When New Work City opened its first physical space in 2008, it was “really creating the model for something that’s community-driven, in not just providing space, but having events and really supporting tech entrepreneurs and companies really when the tech community in New York was in its infancy,” said Jukay Hsu, the founder of the tech-centered nonprofit C4Q, who knew the team running New Work City.
Shared workspaces similar to New Work City have since taken over Downtown, capitalizing on the growing pool of customers the pioneer started to bring together. WeWork leases 120,000 square feet at 222 Broadway, 86,000 square feet at 25 Broadway and a massive 240,000 square feet at 85 Broad Street, as CO has previously reported. Cowork|rs, WeWork’s rival, has been on its own blitz by signing for 33,000 square feet at 55 Broadway and 40,000 square feet at 60 Broad Street just in the last few months, according to the company.
“I think us growing and [New Work City] closing might be something for them to be proud of,” Mr. Silber said. “They were able to lay down the roots for co-working in New York and help others expand. They really were mentors for me.”
WeWork, which declined to comment, has more than 1 million square feet in the city and seems to be growing in every direction. In early July, Boston Properties and Rudin Management announced they were jointly developing a 675,000-square-foot development at the Brooklyn Navy Yards, of which WeWork will occupy 222,000 square feet.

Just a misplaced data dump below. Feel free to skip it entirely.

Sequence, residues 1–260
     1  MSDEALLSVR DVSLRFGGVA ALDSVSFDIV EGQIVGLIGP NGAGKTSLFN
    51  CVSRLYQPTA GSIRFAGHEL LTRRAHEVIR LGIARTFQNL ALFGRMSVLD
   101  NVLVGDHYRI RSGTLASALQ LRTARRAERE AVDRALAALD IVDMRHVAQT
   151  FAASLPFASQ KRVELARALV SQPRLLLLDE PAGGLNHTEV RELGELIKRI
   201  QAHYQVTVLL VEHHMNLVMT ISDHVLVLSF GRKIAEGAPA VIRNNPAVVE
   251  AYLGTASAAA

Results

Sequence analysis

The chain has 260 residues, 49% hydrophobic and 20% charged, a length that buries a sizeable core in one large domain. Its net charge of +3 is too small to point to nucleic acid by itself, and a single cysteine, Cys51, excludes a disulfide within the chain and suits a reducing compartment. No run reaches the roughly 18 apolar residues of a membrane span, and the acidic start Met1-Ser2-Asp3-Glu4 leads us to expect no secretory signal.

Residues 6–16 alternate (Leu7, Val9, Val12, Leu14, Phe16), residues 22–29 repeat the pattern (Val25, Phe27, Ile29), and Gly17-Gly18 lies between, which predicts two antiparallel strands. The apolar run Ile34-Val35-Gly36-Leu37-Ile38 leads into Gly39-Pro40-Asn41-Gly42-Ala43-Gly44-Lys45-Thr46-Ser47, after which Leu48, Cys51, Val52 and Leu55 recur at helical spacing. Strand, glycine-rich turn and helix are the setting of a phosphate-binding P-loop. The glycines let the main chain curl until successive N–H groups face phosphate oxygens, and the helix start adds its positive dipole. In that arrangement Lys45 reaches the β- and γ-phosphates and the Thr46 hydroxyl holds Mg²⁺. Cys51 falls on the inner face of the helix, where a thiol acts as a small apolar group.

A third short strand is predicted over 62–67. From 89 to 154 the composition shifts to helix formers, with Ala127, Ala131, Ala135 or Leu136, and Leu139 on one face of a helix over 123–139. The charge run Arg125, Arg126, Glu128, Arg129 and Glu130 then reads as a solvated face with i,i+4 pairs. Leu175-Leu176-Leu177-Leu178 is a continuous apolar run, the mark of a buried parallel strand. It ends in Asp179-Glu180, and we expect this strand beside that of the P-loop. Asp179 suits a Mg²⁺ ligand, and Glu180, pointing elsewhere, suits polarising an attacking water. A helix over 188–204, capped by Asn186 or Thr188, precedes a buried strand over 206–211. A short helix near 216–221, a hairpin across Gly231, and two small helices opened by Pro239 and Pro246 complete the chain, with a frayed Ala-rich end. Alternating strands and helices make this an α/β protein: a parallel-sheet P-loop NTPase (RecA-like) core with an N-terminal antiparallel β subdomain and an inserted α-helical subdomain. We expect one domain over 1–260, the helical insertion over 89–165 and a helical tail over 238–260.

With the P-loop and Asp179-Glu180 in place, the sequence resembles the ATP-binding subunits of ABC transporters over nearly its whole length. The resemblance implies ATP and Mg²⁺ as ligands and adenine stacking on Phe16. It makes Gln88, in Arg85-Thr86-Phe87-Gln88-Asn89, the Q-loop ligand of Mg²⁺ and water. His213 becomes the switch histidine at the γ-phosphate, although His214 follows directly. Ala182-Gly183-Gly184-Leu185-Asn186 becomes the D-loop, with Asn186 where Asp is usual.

‘Everybody really looks to New Work City as pioneers. It’s a little sad to see them go.’-Shlomo Silber
And let’s not forget the 160,000-plus square feet the company has leased in the Dumbo section of Brooklyn. Or the 60,000 square feet of space at Studio Square it leased in Astoria, Queens, which CO exclusively reported last week.
“[WeWork is] really good at bridging the gap between entrepreneurs and spaces. That’s how I perceive them,” said Ashkán Zandieh, the founder of real estate tech advisory RE:Tech, who works out of three of the company’s spaces. “WeWork always was a real estate company that understood technology. More so, they understood entrepreneurship.”